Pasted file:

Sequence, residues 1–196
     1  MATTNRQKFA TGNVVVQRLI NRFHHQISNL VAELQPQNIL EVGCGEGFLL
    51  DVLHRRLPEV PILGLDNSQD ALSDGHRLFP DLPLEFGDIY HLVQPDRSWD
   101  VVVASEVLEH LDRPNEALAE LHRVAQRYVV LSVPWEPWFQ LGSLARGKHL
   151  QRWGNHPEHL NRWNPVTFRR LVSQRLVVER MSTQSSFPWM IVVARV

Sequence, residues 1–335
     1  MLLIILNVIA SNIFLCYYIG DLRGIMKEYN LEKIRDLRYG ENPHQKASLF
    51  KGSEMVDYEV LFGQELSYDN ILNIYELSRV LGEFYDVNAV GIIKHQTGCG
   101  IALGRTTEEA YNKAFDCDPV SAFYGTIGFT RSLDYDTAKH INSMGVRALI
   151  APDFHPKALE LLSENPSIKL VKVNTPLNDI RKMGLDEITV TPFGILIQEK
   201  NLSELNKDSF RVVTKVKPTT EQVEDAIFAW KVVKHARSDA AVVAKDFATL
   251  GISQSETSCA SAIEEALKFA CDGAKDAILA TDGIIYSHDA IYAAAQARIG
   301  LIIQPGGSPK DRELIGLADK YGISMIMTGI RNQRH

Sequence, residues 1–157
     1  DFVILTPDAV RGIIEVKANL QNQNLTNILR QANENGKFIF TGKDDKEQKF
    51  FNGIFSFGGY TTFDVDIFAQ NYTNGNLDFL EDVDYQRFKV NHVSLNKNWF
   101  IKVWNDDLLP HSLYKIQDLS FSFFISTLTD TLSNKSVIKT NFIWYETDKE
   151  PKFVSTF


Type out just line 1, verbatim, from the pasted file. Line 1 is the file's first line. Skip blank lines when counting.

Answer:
Sequence, residues 1–196